There is a growing movement to abstract hardware completely away, as we have discussed previously. Docker with SocketPlane and other application virtualization technologies are abstracting hardware away from the developer. Or are they? The hardware is not an issue, that is, until it becomes one. Virtualization may require specific versions of hardware, but these are…
The board of Calxeda, the company trying to bring low-power ARM CPUs to the server market, has voted to cease operations in the wake of a failed round of financing. This is completely unsurprising to me, for a few different reasons. Virtualization is more suited to the needs of IT Calxeda’s view of the world…
Last week HP announced their “second generation” HP Moonshot 1500 enclosure and Intel Atom S1260-based Proliant Moonshot systems, a high-density computing solution targeted at hyperscale computing workloads. They’re billing it as the first “software defined server” and claiming that it can save 89 percent of energy, 80 percent space, and 77 percent of the cost of their DL380 servers.
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Desktop security startup Bromium announced the general availability of vSentry, at the Gartner Security and Risk Management management Summit in London today. Their first product to be based on the Bromium Microvisor designed to protect from advanced malware that attacks the enterprise through poisoned attachments, documents and websites.
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One year after announcing that he and XenSource co-founder Ian Pratt were leaving Citrix to launch Bromium with former Pheonix Technologies CTO Gaurav Banga; Simon Crosby was back at the GigaOM Structure conference in San Francisco today to unveil Bromium’s micro-virtualization technology together with its plans to transform enterprise endpoint security.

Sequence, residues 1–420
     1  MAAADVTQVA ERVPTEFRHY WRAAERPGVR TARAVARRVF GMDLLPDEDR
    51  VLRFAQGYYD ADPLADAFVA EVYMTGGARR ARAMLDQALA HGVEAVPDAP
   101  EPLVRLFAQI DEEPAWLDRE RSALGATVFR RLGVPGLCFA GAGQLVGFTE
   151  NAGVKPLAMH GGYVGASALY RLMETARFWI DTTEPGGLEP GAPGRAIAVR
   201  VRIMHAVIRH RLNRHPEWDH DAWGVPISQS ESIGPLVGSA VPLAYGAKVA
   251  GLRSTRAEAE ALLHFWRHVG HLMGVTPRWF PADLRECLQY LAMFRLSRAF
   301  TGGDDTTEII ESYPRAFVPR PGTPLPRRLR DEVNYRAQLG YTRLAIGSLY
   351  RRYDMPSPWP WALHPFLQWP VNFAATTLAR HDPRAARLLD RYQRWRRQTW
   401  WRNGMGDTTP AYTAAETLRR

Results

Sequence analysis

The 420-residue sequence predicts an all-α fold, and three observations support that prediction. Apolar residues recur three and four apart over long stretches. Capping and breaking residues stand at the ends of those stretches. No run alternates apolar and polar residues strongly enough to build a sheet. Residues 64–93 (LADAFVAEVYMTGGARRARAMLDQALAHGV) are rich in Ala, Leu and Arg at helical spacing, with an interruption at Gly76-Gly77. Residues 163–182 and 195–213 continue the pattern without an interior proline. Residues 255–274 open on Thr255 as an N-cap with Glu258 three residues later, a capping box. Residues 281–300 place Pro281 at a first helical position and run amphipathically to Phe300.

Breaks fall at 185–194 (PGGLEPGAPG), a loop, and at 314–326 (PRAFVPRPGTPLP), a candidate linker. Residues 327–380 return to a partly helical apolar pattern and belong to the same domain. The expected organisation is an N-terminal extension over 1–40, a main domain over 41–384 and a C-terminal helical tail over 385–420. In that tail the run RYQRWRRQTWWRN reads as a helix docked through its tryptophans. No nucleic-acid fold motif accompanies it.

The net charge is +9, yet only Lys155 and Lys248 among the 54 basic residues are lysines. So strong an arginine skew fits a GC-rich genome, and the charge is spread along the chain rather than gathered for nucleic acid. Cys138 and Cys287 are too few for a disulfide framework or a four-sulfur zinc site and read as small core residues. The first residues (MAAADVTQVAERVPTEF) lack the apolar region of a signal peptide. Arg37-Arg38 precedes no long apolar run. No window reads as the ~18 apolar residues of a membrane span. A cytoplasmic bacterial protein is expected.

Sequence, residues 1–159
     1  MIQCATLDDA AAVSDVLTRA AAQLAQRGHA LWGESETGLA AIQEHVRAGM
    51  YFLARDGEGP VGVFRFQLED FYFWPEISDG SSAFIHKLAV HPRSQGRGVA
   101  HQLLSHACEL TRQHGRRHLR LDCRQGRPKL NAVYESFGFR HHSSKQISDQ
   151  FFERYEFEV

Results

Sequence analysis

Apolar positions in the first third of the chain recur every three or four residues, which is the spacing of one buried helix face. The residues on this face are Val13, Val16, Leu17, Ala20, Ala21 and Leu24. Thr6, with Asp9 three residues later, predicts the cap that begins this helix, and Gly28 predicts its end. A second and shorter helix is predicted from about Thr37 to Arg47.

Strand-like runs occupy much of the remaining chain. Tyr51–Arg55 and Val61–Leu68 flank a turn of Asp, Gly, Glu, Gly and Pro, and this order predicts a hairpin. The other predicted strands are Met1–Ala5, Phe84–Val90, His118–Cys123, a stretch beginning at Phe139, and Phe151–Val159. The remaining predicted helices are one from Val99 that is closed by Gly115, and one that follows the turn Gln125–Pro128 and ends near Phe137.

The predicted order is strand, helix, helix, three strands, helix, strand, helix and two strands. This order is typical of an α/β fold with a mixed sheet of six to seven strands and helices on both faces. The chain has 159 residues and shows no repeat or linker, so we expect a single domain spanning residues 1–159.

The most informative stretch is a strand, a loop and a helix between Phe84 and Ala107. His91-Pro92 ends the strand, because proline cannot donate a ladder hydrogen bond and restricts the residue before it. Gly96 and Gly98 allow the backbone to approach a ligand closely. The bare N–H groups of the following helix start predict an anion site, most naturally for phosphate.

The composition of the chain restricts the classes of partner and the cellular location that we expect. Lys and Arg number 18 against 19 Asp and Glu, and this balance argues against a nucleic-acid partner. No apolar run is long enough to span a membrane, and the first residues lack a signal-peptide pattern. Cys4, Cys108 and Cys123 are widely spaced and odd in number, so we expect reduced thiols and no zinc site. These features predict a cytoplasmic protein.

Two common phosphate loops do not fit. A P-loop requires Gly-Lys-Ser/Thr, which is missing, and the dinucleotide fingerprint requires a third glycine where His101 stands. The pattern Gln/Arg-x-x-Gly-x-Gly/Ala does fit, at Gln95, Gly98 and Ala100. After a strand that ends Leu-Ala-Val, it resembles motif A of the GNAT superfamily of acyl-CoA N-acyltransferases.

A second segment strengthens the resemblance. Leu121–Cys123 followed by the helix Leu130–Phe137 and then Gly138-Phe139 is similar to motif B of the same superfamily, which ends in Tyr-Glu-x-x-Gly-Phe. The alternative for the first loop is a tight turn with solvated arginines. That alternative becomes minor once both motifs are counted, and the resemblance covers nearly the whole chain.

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How will Citrix acquisition of NxTop impact VARs and users? How will XenClient will be marketed longer term. Looks like Citrix will embrace IDV as there is a wider market share, and an admission that VDI will never be the sole solution: hybrid solutions are key to capturing as wide a desktop market share as possible.
One of the very first questions presented to the Virtualization Architects when planning and designing a new deployment, for as long as I have been working with virtualization technology. To scale up or scale out, that is the question and philosophy that has flip flopped back and forth as the technology itself has improved and functionality increased.
On the third Virtualization Security Podcast of 2011 we were joined by Charlton Barreto of Intel to further discuss the possibility of using TPM/TXT to enhance security within the virtual and cloud environments. We are not there yet, but we discussed in depth the issues with bringing hardware based integrity and confidentiality up further into the virtualized layers of the cloud. TPM and TXT currently provide the following per host security: